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Photos: Saturn's Glorious Rings Up Close

Saturn's Shadow and Rings

NASA/JPL-Caltech/Space Science Institute

Among the interplay of Saturn's shadow and rings, Mimas, which appears in the lower-right corner of the image, orbits Saturn as a set of the ever-intriguing spokes appear in the B ring (just to the right of center). Image released March 3, 2014. [Read the Full Story Behind This Photo Here]

Saturn's rings on Aug. 22, 2009

NASA/JPL-Caltech/Space Science Institute

NASA's Cassini spacecraft captured this view of Saturn's rings on Aug. 22, 2009.

Saturn's Hexagon and RIngs

NASA/JPL-Caltech/Space Science Institute

Saturn's odd hexagonal jet stream swirls in this amazing photo taken by the Cassini spacecraft. Image released Feb. 3, 2014. [Read the Full Story Behind this Image Here]

Saturn, Janus and Mimas

NASA / JPL-Caltech / Space Science Institute

This photo, taken in August by the Cassini orbiter, shows Saturn, Janus and Mimas as well as the planet's distinctive rings.

Mimas Dwarfed by Saturn

NASA/JPL-Caltech/Space Science Institute

Saturn's moon Mimas appears near Saturn, dwarfed by its parent planet in this image. Mimas (246 miles, or 396 kilometers across) appears tiny compared to the storms clearly visible in far northern and southern hemispheres of Saturn. The image was taken with the Cassini spacecraft wide-angle camera on Aug. 20, 2012.

2012 View of Saturn's Rings

NASA/JPL-Caltech/SSI

NASA's Cassini spacecraft has recently resumed the kind of orbits that allow for spectacular views of Saturn's rings. This image was obtained on May 23, 2012.

Snowball Fight in Saturn's Rings

NASA/JPL

From the inside out, the "Cassini division" in faint red at left is followed by the A ring in its entirety in this ultraviolet-light image. The A ring begins with a "dirty" interior of red followed by more blue as it spreads away from the planet. The blue is a signature of water ice. The red band roughly three-fourths of the way outward in the A ring is known as the Encke gap.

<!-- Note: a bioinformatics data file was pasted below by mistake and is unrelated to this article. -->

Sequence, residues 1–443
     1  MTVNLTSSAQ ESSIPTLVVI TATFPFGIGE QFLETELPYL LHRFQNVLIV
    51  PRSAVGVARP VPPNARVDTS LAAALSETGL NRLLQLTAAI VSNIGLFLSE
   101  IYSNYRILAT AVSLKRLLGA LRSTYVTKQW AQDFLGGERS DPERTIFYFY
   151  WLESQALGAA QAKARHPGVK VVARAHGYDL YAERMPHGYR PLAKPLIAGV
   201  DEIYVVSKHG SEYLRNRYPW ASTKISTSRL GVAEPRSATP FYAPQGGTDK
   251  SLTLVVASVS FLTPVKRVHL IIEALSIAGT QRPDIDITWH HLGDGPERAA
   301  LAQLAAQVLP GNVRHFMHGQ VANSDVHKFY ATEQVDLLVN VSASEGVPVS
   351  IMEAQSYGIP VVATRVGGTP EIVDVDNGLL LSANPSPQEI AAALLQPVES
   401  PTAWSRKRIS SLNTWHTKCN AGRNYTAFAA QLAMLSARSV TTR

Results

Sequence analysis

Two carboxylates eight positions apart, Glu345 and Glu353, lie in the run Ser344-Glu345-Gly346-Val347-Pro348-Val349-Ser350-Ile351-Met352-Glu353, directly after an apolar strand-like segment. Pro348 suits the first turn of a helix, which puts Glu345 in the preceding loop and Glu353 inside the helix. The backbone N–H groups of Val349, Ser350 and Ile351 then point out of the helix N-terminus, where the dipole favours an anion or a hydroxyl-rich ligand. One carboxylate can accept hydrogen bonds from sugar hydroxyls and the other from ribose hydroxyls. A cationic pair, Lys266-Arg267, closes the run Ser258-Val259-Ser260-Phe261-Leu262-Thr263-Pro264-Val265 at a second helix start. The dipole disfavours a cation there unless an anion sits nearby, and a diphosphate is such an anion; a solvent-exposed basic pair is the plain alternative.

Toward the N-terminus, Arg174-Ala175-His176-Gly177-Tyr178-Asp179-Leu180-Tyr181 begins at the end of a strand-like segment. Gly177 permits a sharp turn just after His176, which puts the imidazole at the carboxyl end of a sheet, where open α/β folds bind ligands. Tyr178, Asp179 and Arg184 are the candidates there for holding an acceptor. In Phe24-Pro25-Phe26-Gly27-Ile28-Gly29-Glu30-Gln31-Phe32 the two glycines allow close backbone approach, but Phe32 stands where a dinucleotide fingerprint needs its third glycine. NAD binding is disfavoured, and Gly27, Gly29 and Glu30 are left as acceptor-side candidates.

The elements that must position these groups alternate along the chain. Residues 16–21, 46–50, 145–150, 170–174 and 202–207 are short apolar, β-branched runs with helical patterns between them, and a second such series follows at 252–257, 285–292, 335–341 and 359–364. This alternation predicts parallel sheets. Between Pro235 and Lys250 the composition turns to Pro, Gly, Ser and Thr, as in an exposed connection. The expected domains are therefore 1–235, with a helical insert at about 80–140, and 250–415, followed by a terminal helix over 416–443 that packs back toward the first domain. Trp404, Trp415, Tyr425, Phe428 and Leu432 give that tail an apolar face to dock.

Striking New Photo and Video of Saturn's Rings

NASA/JPL/Space Science Institute

The movement of waves in Saturn's rings offers clues to activity and conditions within the planet. This natural-color view of Saturn was taken from 764,000 miles (1.2 million kilometers) away.

Saturn Surprises Spur Cassini Mission Reprise

NASA/JPL/Space Science Institute

The most detailed image ever made of Saturn and its rings was sent by the Cassini spacecraft on October 6, 2004.

Saturn's Rings Older Than First Thought?

NASA

Saturn's magnificent rings star in this donut-like view taken by the Cassini spacecraft. The planet itself has been removed from view, blotted out to highlight the intricate set of rings as Cassini passed over head at an elevation of about 60 degrees - the probe's highest yet vantage point of Saturn. This image is actually a compilation of 27 separate views - nine separate sets of red, green and blue components - taken over about 45 minutes and then assembled into a mosaic by scientists on Earth. It is one of several released March 1, 2007 by NASA, though the image group was taken in late January, 2007. Cassini used its wide-angle camera to photograph Saturn's rings from a distance of about one million miles (1.6 million kilometers). The moons Epimetheus (in the one o'clock position), Pandora (at five o'clock), and Janus (10 o'clock) are visible in this view.

Hints of Unseen Moons in Saturn's Rings

NASA/Cassini/U. of Colorado

Bright bands in the left part of the image are peaks of a density wave

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